“The government has no business telling people what causes they can or can’t support … The bottom line is that political boycotts are a legitimate form of non-violent protest, and they are protected by the First Amendment.”
The American Civil Liberties Union filed a federal lawsuit Thursday for an attorney challenging an Arizona law prohibiting state contractors from supporting boycotts against Israel, saying it violates his right to free expression.
The lawsuit was brought on behalf of Sedona attorney Mikkel Jordahl, who provides legal advice to Coconino County inmates. It is asking the court to declare the law, which mandates contractors sign a statement promising not to boycott Israel, unconstitutional.
“The government has no business telling people what causes they can or can’t support,” Kathy Brody, ACLU of Arizona legal director, said in a statement. “The bottom line is that political boycotts are a legitimate form of non-violent protest, and they are protected by the First Amendment.”
Arizona Attorney General Mark Brnovich and multiple Coconino County officials have been named as defendants in the lawsuit.
Jordahl, who is self-employed, has been giving legal support to people detained in Coconino County jail for the past 12 years. He also has long demonstrated his personal pro-Palestine beliefs by not buying products and services from businesses that support Israel.
After the Arizona law took effect in March 2016, Jordahl received documents to renew his contract with the county seven months later. The paperwork included a form certifying he was not engaged in any Israel boycotts. Jordahl said he signed it under protest. He received the same form last month.
Jordahl said he wants to offer legal aid to organizations engaged in boycotts against Israel but this law would stop him. Refusing to sign the statement would mean a loss of income.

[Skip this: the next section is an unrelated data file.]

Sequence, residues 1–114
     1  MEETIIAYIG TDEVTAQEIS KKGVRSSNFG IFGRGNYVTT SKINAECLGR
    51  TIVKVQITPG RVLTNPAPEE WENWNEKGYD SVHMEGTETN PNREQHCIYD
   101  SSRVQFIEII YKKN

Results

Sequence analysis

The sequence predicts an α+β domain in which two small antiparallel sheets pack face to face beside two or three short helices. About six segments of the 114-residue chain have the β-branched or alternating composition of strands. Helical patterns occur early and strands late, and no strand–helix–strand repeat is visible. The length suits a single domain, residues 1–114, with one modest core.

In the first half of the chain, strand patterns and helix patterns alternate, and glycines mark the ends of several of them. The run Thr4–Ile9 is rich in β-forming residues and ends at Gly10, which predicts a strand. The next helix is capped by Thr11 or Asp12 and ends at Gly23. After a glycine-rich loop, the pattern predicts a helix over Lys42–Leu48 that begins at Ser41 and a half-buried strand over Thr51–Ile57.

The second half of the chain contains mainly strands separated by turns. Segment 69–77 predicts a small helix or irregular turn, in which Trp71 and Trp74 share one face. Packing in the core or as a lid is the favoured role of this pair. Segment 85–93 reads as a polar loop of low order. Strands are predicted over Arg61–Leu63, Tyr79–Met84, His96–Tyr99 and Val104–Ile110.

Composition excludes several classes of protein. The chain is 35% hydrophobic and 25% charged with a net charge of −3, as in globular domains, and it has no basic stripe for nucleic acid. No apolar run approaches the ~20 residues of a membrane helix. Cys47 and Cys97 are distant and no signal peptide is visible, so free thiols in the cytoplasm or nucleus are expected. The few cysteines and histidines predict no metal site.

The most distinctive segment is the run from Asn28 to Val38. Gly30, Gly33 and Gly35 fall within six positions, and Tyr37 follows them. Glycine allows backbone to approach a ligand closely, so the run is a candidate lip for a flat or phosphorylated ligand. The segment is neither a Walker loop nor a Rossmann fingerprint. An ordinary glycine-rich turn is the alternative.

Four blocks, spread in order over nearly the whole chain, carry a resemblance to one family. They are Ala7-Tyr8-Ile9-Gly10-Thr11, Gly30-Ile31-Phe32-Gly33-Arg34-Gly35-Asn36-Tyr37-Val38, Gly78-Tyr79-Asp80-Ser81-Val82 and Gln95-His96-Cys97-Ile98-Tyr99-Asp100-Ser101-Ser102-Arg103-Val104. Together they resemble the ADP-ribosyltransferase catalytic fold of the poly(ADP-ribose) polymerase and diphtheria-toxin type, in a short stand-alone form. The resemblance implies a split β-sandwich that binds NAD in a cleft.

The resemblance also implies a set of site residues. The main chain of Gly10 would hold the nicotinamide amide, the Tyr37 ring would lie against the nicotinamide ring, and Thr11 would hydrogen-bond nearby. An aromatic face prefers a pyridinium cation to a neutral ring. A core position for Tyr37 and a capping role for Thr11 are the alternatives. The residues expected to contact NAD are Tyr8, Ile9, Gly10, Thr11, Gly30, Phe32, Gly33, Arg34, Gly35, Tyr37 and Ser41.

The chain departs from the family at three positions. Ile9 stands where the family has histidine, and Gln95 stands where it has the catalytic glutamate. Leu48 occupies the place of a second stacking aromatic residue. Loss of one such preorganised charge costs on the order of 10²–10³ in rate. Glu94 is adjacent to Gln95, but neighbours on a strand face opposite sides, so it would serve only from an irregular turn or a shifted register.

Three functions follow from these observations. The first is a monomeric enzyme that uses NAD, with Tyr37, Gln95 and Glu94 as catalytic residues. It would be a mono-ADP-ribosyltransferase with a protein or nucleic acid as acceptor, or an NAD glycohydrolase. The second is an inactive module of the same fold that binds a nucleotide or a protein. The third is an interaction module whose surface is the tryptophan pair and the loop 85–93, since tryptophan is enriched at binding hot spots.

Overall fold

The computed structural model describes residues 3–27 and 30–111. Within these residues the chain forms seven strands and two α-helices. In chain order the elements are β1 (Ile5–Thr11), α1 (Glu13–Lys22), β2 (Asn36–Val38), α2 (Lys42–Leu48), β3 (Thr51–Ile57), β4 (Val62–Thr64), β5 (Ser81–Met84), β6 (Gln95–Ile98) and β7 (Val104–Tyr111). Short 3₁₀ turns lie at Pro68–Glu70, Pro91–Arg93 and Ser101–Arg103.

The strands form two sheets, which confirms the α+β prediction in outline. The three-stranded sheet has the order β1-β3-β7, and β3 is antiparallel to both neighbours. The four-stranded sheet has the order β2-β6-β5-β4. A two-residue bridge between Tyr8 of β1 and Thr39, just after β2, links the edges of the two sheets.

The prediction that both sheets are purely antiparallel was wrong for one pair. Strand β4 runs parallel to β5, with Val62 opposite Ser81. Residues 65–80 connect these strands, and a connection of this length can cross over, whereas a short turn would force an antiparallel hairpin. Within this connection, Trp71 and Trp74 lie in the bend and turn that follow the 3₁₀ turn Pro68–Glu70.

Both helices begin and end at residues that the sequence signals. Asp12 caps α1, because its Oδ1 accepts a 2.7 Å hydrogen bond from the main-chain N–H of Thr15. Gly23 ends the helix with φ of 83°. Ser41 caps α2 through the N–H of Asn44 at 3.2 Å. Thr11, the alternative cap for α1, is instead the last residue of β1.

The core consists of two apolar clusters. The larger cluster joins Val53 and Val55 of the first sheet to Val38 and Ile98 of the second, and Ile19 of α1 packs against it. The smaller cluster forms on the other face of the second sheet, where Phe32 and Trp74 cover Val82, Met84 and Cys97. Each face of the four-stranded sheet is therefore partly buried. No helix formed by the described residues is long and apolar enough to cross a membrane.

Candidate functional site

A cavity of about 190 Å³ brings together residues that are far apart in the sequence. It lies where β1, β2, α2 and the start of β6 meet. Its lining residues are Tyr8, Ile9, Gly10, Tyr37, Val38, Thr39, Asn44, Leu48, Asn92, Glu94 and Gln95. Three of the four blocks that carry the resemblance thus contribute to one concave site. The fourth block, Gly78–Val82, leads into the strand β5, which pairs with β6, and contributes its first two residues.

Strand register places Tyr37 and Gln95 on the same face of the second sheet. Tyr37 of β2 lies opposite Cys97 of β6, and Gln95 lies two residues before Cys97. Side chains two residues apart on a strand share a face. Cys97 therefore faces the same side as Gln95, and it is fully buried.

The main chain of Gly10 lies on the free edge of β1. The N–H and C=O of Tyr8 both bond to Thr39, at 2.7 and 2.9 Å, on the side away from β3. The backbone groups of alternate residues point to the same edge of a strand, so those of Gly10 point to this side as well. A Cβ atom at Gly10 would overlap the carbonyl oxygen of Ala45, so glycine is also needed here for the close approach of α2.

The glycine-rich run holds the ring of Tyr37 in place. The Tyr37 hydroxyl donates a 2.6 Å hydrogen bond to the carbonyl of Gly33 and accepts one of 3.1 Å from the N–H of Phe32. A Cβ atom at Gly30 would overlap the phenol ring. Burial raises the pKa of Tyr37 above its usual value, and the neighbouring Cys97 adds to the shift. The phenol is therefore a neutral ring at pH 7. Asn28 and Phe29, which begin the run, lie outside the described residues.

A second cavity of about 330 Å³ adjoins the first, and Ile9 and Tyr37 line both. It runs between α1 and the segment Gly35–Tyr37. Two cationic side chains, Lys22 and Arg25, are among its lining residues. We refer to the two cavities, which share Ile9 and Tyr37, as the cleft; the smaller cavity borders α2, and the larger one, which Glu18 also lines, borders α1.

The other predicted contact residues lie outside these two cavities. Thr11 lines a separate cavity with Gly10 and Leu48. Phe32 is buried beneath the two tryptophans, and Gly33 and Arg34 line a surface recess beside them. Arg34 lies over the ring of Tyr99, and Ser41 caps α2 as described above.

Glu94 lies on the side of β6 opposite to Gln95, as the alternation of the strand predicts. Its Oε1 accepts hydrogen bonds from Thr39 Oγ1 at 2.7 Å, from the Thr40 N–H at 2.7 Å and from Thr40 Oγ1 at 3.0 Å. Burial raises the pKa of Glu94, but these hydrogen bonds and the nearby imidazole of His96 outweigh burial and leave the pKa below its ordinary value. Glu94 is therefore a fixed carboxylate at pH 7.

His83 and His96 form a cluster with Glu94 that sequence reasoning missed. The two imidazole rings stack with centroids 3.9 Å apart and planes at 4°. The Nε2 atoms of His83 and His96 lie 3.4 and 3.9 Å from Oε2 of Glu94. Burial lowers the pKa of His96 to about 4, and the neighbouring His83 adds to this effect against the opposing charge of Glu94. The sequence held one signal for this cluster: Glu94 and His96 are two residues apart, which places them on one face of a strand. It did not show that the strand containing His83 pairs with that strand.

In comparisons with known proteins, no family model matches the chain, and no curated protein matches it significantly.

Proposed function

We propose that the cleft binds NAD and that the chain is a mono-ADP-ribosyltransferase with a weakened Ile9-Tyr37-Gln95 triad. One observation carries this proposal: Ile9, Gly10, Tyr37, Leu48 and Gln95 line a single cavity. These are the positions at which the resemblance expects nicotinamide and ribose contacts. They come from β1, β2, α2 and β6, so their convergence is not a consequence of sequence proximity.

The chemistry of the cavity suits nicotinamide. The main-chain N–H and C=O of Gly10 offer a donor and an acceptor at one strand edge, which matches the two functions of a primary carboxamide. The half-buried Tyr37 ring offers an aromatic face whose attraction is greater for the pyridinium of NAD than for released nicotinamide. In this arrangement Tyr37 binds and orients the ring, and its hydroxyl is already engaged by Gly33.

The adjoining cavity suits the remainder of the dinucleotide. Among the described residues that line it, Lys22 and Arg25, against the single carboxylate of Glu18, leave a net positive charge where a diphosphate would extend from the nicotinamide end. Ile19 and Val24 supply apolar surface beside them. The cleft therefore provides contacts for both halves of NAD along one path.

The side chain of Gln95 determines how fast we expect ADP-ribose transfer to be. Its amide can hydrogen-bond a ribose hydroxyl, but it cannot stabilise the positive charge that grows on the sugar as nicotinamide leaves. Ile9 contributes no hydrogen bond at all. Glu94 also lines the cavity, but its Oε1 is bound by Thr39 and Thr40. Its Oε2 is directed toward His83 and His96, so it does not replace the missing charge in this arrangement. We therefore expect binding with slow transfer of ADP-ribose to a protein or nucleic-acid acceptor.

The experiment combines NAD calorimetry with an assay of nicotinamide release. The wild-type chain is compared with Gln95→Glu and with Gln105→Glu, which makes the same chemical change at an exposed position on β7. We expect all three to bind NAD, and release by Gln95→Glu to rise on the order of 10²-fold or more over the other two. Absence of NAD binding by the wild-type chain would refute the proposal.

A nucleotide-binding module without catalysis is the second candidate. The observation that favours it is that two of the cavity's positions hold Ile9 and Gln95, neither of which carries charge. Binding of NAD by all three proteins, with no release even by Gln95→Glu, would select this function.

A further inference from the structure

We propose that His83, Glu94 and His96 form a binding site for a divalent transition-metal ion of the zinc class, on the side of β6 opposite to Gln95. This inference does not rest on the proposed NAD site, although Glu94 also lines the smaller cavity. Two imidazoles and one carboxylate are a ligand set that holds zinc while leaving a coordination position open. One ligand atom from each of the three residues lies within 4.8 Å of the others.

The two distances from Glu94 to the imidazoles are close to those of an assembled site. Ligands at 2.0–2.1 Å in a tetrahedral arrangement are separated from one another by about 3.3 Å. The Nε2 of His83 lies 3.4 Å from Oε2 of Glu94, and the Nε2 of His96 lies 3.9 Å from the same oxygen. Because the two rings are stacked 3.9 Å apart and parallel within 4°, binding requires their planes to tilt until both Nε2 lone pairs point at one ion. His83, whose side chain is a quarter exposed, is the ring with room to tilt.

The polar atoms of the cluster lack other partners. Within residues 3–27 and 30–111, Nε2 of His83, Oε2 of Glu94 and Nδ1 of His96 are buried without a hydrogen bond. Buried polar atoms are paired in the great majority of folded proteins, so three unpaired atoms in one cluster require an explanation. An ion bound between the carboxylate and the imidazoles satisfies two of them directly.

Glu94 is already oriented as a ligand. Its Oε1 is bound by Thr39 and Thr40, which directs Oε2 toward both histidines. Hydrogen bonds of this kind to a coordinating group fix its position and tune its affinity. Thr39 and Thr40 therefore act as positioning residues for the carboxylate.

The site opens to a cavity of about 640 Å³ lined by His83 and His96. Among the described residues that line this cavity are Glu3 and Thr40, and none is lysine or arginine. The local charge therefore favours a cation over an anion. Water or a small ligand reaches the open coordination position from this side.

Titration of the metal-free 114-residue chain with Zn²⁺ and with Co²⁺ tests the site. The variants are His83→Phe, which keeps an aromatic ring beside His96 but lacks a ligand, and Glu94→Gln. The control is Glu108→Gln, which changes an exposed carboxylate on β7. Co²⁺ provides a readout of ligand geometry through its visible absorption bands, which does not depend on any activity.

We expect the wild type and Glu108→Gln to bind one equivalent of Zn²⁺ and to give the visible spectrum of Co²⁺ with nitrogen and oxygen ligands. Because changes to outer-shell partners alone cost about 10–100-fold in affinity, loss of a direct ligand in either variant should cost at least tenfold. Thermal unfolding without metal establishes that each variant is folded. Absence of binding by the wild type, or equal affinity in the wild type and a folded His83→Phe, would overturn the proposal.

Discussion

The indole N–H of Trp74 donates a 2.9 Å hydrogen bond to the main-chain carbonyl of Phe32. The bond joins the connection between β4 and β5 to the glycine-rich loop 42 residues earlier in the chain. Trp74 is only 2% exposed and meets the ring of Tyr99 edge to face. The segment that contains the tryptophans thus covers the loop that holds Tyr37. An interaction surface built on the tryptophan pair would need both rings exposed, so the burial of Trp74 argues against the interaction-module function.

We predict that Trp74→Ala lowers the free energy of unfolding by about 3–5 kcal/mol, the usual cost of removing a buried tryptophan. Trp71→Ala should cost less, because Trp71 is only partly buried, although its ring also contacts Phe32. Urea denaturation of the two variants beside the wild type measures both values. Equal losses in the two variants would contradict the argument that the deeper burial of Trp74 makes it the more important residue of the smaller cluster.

Ryan Anderson, a spokesman for the Arizona attorney general’s office, said officials hadn’t seen the lawsuit. But they are aware of the language in the law and that there have been legal challenges to similar laws in other states.
The ACLU in October filed a lawsuit to overturn a similar law in Kansas. A federal judge is considering whether to block enforcement of the 5-month-old law while the lawsuit proceeds. The suit was brought on behalf of a Wichita educator who was told she couldn’t be paid by the state to train teachers because she refused to sign a statement that she wasn’t boycotting Israel. Kansas officials said the law allows the teacher to seek a waiver.
The Arizona lawsuit comes a day after President Donald Trump declared Jerusalem as Israel’s capital. Trump’s decision breaks with decades of U.S. policy and set off a wave of clashes between Palestinians and Israeli forces. Both Israel and Palestine have laid claim to Jerusalem.
Top photo | Protesters demonstrate against a state-sanctioned backlash against the movement for Palestinian human rights. New York City, June 9, 2016. (Photo: Erik McGregor/Pacific Press/ Sipa/AP)